—about the working of this Bill. I should like to know how the hon. Gentleman will deal with the men's inspectors, referred to by my hon. Friend the Member for Pontefract, who are engaged by a number of pits in an area—what is known as a federation of mines—to carry out certain duties along with Her Majesty's inspector in the pits. I should like to see that they are also kept fully up to date on these issues.
I want to reinforce what my hon. Friends the Members for Bolsover (Mr. Skinner) and for Hamilton (Mr. Alexander Wilson) have said. It is quite true that in the past the miners were very concerned about the excessive preponderance of people employed on the administration side. I do not think we can put the purpose and intentions of this Bill 1875 directly into that category. Here we are seeking assistance for the colliery manager to enable him to carry out the heavy duties imposed upon him. However, the Under-Secretary should take the point that there has always been concern about the preponderance of people engaged on the administrative side.
My other point—to which my hon. Friend the Member for Bolsover referred briefly—is that there is a cloud of concern over the coal industry at the present time. The men are concerned about the policy that the Government intend to pursue. Here this Bill is relevant, in a way, to recruitment. There is a manpower problem in the pits. Here we are hoping to engage people who have to take statutory responsibility and obligations upon themselves. Therefore, we need the right type of man to take on this work. Thousands of men are needed in the coal industry, but there is this concern and doubt about the Government's policy in regard to selling off parts of the industry. I know this has been discussed in another Committee and on the Floor of the House, but it is only right that we here also should express our concern about the Government's intention.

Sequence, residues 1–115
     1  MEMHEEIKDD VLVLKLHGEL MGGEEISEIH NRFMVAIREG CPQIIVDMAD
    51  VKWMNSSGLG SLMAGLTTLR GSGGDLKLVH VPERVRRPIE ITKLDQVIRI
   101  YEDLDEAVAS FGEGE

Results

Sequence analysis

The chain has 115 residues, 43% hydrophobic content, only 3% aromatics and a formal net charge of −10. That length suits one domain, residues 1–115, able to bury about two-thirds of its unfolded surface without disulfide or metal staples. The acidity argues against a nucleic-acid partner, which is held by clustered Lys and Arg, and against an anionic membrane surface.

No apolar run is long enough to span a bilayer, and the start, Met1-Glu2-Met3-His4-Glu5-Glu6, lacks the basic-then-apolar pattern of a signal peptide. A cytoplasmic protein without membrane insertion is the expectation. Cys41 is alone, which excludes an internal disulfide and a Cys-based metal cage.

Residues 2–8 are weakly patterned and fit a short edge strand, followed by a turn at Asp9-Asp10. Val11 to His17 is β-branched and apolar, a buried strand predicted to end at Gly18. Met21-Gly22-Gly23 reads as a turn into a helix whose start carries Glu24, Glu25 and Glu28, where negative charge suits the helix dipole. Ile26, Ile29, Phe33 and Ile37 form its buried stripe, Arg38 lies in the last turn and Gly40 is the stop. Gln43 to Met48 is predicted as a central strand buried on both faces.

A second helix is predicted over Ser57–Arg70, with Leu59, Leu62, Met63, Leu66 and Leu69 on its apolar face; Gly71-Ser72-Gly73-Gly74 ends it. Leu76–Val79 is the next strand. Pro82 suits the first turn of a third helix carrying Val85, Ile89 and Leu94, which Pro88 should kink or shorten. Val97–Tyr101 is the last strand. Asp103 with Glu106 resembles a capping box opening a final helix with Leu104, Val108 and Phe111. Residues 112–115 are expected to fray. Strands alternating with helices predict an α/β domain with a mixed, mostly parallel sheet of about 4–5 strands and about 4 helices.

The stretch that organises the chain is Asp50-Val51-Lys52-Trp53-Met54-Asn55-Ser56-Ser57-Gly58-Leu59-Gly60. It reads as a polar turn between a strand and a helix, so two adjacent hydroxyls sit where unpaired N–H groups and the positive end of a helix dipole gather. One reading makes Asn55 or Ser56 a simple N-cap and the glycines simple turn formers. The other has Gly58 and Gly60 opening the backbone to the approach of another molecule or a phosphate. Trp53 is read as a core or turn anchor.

What my hon. Friend the Member for Bolsover said is quite true. The coal industry has lost the head of the Coal Board. Lord Robens has now left. Perhaps if Lord Robens had stated openly and publicly his reasons for disagreeing with the Government, and had carried on his duties for another five years. that would have cleared the air. Mrs. Jeger, I do not wish to impose too much upon your generosity this morning in dealing with this matter. All I wish to impress upon the Under-Secretary is that we hope he will convey to the Secretary of State for Trade and Industry and the Minister responsible for the power industries the fears which have been expressed in this Committee about the Government's intentions in this very dangerous field. I repeat that if one is to encourage recruitment and to obtain the necessary manpower in the industry, the Government, whether from a review or anything else, must make their intentions clear as quickly as possible.